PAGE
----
Saturday, March 19, 2011

Uhm, Excuse Me, There's Shit In My Coffee!

One of the many things I can't do without is coffee. I need it to start my day and I gotta have it right after my last meal for the day.

I grew up knowing only one kind of coffee- instant. the kind that came from the bevelled Nescafe  glass containers (that they marketed as "diamond glass")  that my Lola Pacing would rinse and scrub to turn into drinking glasses. Actually, she also used it as a coffee mug even if the glass was too hot to hold when she pumps out the hot water from the thermos. And if any of the grandkids broke a glass, she wouldn't mind so much as the replacement was just one grocery day away.
click on the photo to see the TV Commercial
The coffee experience in the 80's was pretty much just black, with sugar or with cream. Then the Frappe was introduced. Cold coffee was my introduction to coffee drinking. It was summer and there was nothing to drink but cold water from the fridge or lukewarm water from the tap. As I had no baon, I had no money to buy softdrinks from the sari-sari store. More so, the chocolate drinks of fruit juices in tetrabrick packaging from Glo-ri grocery. I still remember how I made myself a frappe and cleaned up the mess  I made in the kitchen, sat under an aratiles tree and drank my first glass of cold coffee.

Fast forward to 1997. The first Starbucks store opens in 6750. Now a working girl  (not that kind,  you green minded shithead) with some money to spend. I was astounded at the price of coffee. It cost more than my daily commute. But what the heck! Memories of my bootleg ice cold frappe came rushing back, steam rolling my feet all the way to Starbucks. After a few visits, Starbucks lost its appeal. Becoming more of a necessity for mornings when I needed a quick pick me up on busy, shitty Monday mornings. And when I got bored in the office I would schedule meetings at Figaro,  Seattle's Best, Coffee Bean and Tea Leaf, Gloria Jeans (I so do not recommend the coffee in this joint), Bo's Coffee, etcetera, etcetera. My coffee consumption increased and so did my productivity. Any correlation there? I hope not.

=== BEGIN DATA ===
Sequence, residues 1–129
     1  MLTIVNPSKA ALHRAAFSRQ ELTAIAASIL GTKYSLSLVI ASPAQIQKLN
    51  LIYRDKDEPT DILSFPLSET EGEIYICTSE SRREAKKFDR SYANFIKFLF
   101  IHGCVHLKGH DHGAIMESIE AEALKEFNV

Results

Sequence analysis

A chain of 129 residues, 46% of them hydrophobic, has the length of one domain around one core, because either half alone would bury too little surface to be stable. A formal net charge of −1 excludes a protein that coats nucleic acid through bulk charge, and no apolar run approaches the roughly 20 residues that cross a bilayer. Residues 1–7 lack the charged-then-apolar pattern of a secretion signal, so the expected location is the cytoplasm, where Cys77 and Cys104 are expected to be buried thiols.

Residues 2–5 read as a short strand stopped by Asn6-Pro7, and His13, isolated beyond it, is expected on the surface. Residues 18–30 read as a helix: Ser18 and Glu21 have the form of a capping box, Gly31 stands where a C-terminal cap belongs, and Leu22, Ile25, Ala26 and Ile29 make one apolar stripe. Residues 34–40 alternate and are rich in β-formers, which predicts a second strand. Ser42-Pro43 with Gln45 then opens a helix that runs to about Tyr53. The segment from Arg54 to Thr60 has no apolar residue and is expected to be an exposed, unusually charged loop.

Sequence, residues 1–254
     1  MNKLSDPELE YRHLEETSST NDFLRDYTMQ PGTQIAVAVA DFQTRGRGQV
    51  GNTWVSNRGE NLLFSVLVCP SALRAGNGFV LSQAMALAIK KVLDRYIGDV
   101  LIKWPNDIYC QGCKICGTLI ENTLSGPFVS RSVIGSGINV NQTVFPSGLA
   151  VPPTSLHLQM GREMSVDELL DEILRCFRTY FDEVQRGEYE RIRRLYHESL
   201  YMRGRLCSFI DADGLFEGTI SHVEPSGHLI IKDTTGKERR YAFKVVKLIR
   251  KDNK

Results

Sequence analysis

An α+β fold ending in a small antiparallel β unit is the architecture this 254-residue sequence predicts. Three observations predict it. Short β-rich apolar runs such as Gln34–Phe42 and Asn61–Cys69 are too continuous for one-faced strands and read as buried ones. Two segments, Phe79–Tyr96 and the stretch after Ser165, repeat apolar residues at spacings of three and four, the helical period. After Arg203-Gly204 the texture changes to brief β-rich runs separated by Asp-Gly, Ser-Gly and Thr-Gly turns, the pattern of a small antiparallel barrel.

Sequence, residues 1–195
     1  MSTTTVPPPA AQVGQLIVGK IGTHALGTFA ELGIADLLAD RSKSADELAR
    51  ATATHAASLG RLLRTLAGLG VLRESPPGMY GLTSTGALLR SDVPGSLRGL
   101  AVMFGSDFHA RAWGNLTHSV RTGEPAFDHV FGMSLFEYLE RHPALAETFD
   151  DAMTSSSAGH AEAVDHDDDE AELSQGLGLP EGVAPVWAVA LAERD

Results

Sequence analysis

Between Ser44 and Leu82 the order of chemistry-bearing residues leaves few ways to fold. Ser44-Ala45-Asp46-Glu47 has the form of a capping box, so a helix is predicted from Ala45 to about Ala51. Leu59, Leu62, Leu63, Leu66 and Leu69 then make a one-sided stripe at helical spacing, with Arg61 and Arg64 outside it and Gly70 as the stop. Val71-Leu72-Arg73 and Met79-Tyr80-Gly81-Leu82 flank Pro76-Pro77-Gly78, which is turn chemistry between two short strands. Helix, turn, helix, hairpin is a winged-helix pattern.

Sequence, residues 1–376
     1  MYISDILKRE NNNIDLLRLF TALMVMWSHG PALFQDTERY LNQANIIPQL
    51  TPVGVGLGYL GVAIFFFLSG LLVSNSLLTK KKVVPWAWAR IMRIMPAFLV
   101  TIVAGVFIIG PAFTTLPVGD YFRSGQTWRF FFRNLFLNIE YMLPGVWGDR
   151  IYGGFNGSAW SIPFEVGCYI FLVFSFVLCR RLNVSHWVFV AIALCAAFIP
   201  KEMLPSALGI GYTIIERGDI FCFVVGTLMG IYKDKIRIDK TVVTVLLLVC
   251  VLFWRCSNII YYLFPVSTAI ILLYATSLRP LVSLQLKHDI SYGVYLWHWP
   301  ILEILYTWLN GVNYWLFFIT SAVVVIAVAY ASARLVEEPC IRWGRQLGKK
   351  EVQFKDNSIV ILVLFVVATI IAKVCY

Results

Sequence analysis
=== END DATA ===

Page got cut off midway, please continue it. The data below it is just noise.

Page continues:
Coffee drinking had gone on to be complicated. Now you had to choose between sizes (large, venti, schmenti), caffeine content (Decaf? Are you pregnant?), sugar type (brown, white, and the carcinogeninc suspect sugar-free sweetener), cream or milk, with froth or no froth, with cream or none, etcetera, etcetera.

When I used to train people in marketing, I used the Starbucks analogy every time I had to explain the power of choice. Back in the day, when life was simpler and all you had to do was say, "Miss, pa order nga ng kape" all you got was that, a hot cuppa Joe. Now, because you gotta feel empowered, you gotta make choices- starting with how you like your coffee.  And that is how people who have to have Starbucks in the morning start their day... the abundance of choices and decisions eating up their time, instead of having just a cuppa, so they can have some quiet time before they rejoin the rat race.

I have gone back to drinking my coffee the old school way. In mugs, black with just a little sugar. I now enjoy brews with blends I can distinguish. I'm no ubër coffee connoiseur  but I do like an occasional espresso from the Amici and the filipino in me never abides by the Italian rule of no milk in you coffee after 10 AM (because milk will leave you with a smaller appetite for lunch or dinner).

I also like the ocassional exteme coffee adventure. So when I got the chance to have Kape Alamid or civet cat coffee at Ritual at The Collective, Makati's latest hubbub for the artsy fartsy, I  swallowed my fears.

This benign dark amber is also known as Kopi Luwak in Indonesia, Kape Laku in East Timor, cà phê Chồn in Vietnam. And it doesn't smell or taste like shit at all.

That's because the coffee beans that the Asian Palm Civet has eaten and passed though its digestive system has been washed, sun-dried, roasted and brewed. For something that's passed through a body part where the sun don't shine, the aroma of the Kape Alamid has a mild sweetness that reminds me of Benguet coffee.  The mildness doesn't seem to justify why its touted as the most expensive coffee.

The brew I was served was a bit on the watery side and arabica-based so I don't know if that's how it was supposed to taste. I guess, this coffee adventure will have a sequel. Until the next coffee adventure, then.